Steve Ballmer’s Internal Email Explains Yahoo Bid

It seems like only yesterday Microsoft’s Steve Ballmer was busy convincing the world that he was not interested in making a bid for Yahoo.

Now TechCrunch has an internal company email that explains why Microsoft today made an unsolicited bid for the company.

It reads in part:

By combining the strengths of our companies, we can deliver an efficient and highly competitive offering for our customers. Our complementary assets will give us increased talent and scale to compete in the markets of search and online advertising, and pioneer new innovations in the areas of video, mobile services, online commerce, and social media.

Need a Place to Stay During the Super Bowl? Try CraigsList

Craigslist is creating a micromarket for home rentals for sports fans. With two more days until the Super Bowl, it may be too late to find a place to stay. Hotels are booked, so people are turning to Craigslist. Enterprising residents in Phoenix and Boston are putting their homes for rent during the game. This reminds me of the Sundance Film festival and the Olympics.

Wired reports that in Boston there were 700 postings on Craigslist.org for accommodations and perks, and thousands of listings in Phoenix. Some people are offering use of their car with the deal. Or someone offered to be your designated driver in case you get too plastered to drive home. It sounded like some of the ads were fellow fans who were not only willing to help with accommodations, but also willing to join in and party with you.

Microsoft Pounces on Yahoo’s Weak Q4, Makes $44.6B Offer

Well, maybe there’s some good news to come out of Yahoo’s recent poor financial performance after all–Microsoft wants to buy it for $44.6 billion.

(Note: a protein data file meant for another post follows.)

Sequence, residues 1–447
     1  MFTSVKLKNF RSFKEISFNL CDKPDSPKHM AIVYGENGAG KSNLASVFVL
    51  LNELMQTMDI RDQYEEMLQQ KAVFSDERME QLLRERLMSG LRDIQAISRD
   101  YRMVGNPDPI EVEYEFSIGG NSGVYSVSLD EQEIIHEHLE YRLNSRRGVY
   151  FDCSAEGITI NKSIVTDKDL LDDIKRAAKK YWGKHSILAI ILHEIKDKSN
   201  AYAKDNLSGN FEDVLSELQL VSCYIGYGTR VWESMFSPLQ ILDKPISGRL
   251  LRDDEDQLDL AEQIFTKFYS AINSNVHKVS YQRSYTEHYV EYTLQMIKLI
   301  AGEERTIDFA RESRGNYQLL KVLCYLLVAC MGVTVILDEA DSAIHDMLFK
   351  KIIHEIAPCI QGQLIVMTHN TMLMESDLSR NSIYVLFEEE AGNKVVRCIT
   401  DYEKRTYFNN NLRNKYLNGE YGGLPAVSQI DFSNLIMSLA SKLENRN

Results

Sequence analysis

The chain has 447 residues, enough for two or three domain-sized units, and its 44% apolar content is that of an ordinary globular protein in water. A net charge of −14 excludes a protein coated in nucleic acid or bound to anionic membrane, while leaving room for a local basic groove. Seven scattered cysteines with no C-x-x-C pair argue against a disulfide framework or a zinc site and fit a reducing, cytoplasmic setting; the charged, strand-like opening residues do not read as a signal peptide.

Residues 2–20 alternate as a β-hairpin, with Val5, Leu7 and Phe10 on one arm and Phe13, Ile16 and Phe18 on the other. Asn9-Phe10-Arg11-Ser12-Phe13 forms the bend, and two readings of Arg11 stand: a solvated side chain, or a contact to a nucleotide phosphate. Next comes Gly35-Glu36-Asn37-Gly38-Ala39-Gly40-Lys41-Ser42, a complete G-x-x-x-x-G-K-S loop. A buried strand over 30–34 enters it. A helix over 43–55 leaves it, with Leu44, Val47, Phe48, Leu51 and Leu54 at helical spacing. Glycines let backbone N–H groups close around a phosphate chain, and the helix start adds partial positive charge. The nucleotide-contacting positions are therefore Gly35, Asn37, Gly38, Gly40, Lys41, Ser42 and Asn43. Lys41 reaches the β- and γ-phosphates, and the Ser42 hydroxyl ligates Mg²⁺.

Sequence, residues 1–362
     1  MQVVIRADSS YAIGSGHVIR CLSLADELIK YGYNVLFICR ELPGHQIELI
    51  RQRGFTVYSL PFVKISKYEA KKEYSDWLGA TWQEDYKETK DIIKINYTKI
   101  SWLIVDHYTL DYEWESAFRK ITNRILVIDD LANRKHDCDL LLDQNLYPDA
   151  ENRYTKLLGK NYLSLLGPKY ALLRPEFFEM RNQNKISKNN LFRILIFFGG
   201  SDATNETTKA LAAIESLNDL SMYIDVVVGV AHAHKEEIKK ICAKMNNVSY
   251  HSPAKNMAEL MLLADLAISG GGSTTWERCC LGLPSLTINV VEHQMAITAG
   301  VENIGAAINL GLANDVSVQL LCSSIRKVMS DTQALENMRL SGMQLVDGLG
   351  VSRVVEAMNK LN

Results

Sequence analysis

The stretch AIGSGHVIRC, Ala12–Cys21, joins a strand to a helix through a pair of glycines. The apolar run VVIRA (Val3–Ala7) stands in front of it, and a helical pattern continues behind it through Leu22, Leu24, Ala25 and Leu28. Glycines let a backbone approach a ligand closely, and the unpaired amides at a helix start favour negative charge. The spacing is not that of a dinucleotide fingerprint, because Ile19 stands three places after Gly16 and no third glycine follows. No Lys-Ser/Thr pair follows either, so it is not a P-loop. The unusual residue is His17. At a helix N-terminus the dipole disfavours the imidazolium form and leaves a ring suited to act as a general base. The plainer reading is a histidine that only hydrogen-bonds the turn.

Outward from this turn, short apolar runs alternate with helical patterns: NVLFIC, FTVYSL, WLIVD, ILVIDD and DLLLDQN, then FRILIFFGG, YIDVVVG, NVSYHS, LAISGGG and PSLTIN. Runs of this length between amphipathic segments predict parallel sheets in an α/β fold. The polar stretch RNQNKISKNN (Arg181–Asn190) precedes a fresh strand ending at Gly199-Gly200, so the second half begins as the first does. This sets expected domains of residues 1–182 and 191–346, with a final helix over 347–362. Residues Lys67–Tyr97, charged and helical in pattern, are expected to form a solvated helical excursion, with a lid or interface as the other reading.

Nobody really saw this coming–you can’t count general speculation–so it will be interesting to see how this plays out. Microsoft offered $31 per share in cash and stock, representing a 62% premium on Yahoo’s recent stock price.

As AP reports:

Under terms of the proposed deal, Yahoo shareholders could choose to receive cash or Microsoft common shares, with the total purchase consisting of 50 percent each cash and stock.

Microsoft said it sees at least $1 billion cost savings generated by the merger, and intends to offer significant retention packages to Yahoo engineers, key leaders and employees. The software giant said it believes the takeover would receive regulatory clearance and close in the second half of 2008.

Is Social Search Coming from Google?

VentureBeat talked to Google’s Marissa Mayer, vice president of Search Products & User Experience, about Google’s future: specifically about their future in social search. VentureBeat notes that as recently as August, Mayer “said social search hasn’t shown much promise, but if it does, Google would be in a good position to incorporate it.”

VB’s reporter asks some pretty good questions (which he admits he had help on), although he didn’t ask about the progress that Google has already made in creating social networks in Gmail and Google Reader.

Perhaps most interesting from her comments is a brief history and potential forecast of social search efforts at Google. However, there is one part that privacy advocates are sure to jump on (bolded here).